There is a price to pay for the pursuit of this dialectical forum. That price is inefficiency. Consensual will-formation takes a long time. When a decision has to be made, stamina sometimes is as important as argument. Although the ideal of consensus guided all policy-making at the Seneca Peace Camp, “in reality decisions were often made on the basis of who could survive the
longest in meetings that stretched on for hours or days.”33 As many of the organizers had anticipated, consensual decision-making was a difficult, drawn-out process, frustrating those who were more interested in acting than talking. If a relatively small group, united by a common goal, found discourse an unwieldy tool of decision-making, can we even begin to envision the wider discourse to which Habermas alludes? A consensually steered society implies a discourse that includes all its members. Is this plausible? I want to suggest that the implausibility of the Seneca model for the society at large does not point to the implausibility of practical discourse as such. It points instead to implausibility of discourse as a decision procedure within democratic politics.
Discourse is constraint free. This means that no one may force closure. The conversation continues until (ideally) every single participant is in full agreement. The larger and more diverse the group the more difficult and drawn out the process. Now clearly this is not a realistic model for all the decisions we associate with democratic government. The question then becomes which decisions should be made discursively and which by more efficient means? One answer is that the more the issue is a foundational one dealing with the legitimacy of the rules the more we are under an obligation to include all citizens.
But, in what sense is a face-to-face conversation between all citizens a feasible model of democratic legitimation? We cannot all sit in a circle facing each other as did the activists at Seneca. Nor can we be expected to devote the kind of time necessary to such an undertaking. Do we imagine a series of participatory face-to-face constituent assemblies? In large modern democracies this does not seem plausible. The problem here is that we are imagining practical discourse as a decision procedure with a determinate outcome. Thinking of discourse in this way will always bring us back to small, manageable groups like the women at Seneca Peace Camp. A decision procedure implies a set of rules which govern closure. These rules tell us when the process is over—what counts is a fair decision that can be acted upon. Now, as a decision rule, discourse stipulates that full, rational agreement under the ideal conditions of discourse of all affected by a norm constitutes the point of closure. However, when translated into the real world of politics it turns out that this point can never be definitively reached. Because real agreements can never be perfectly universal they never settle a question once and for all. Through the idea of an ideal communication community we can imagine the conditions of a perfectly rational consensus and therefore the criteria of universal validity. But, as we can never attain the ideal in the real world, the process is one of degrees of approximation. Discourse is not a contract where there is a privileged moment of promising which is then binding on all parties for perpetuity.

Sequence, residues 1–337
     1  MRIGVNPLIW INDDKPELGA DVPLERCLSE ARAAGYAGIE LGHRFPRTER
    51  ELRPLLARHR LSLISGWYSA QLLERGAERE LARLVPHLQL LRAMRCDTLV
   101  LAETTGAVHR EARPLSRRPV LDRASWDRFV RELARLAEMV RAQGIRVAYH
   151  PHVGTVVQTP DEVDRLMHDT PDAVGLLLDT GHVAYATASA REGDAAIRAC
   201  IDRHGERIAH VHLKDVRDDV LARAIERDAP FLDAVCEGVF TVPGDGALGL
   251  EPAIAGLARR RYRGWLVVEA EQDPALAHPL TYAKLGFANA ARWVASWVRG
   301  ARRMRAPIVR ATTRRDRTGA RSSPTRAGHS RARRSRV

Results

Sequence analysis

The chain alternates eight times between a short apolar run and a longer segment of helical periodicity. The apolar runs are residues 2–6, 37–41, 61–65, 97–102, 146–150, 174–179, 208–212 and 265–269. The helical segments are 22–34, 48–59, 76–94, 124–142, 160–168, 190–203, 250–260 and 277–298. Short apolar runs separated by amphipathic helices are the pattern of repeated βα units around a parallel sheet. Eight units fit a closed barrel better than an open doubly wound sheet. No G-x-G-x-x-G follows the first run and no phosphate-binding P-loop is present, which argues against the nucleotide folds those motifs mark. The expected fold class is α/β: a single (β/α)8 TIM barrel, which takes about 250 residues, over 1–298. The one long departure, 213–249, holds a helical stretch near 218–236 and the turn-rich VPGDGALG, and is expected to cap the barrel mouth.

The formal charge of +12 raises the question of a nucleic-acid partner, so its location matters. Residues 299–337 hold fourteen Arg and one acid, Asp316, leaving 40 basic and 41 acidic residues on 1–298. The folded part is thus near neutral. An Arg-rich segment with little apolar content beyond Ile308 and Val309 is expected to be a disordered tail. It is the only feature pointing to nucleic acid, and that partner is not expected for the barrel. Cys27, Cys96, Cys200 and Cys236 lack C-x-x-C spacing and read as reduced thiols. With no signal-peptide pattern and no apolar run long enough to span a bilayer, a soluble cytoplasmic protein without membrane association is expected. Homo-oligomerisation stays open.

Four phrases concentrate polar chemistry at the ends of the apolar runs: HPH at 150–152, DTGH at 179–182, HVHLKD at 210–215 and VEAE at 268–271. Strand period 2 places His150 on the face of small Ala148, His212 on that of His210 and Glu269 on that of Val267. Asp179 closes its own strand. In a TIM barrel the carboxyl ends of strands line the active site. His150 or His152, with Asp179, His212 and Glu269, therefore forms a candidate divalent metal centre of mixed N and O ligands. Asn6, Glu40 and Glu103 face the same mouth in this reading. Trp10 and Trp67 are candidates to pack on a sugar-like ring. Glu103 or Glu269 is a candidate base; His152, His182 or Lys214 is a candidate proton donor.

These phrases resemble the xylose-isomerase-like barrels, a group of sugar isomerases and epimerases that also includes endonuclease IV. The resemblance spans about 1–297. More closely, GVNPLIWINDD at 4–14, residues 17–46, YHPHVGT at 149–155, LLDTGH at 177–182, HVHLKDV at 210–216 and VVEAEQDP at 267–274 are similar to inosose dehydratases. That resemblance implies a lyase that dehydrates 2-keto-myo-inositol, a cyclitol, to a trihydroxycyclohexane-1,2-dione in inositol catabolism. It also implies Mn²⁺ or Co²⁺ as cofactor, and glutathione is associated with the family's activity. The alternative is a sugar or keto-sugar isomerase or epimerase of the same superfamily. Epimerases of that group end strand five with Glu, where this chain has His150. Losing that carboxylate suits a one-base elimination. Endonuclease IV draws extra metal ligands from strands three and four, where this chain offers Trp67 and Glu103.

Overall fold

Discourses must be understood as open ended and fallible. This means that discourse is ongoing and conclusions and agreements reached by means of discourse are always open to revision.
Once we move beyond small groups, the notion of consensual will- formation cannot be understood as the outcome of one conversation, but must be seen as the cumulative product of many crisscrossing conversations over time. The point is simply to highlight the diffuse nature a real practical discourse must have if it is to underwrite a legitimate social norm. On this reading, then, practical discourse is a long-term process through which citizens construct common understandings, not a decision procedure. Unconstrained discourse is highly inefficient. The closer our conversations come to embodying this ideal, the more inefficient they are. The more general the norm under discussion, the more diffuse, fragmented, and complicated the web of discourse and the longer the process is likely to take. In this light, it becomes difficult even to talk about a decision being taken in discourse; instead, we must visualize discourse as a process through which collective interpretations are constructed. If we cannot come to decisions in discourse, then what role does discourse play in democratic politics? In conclusion I would like to briefly sketch the idea of a discursively formed public opinion as an answer to this question.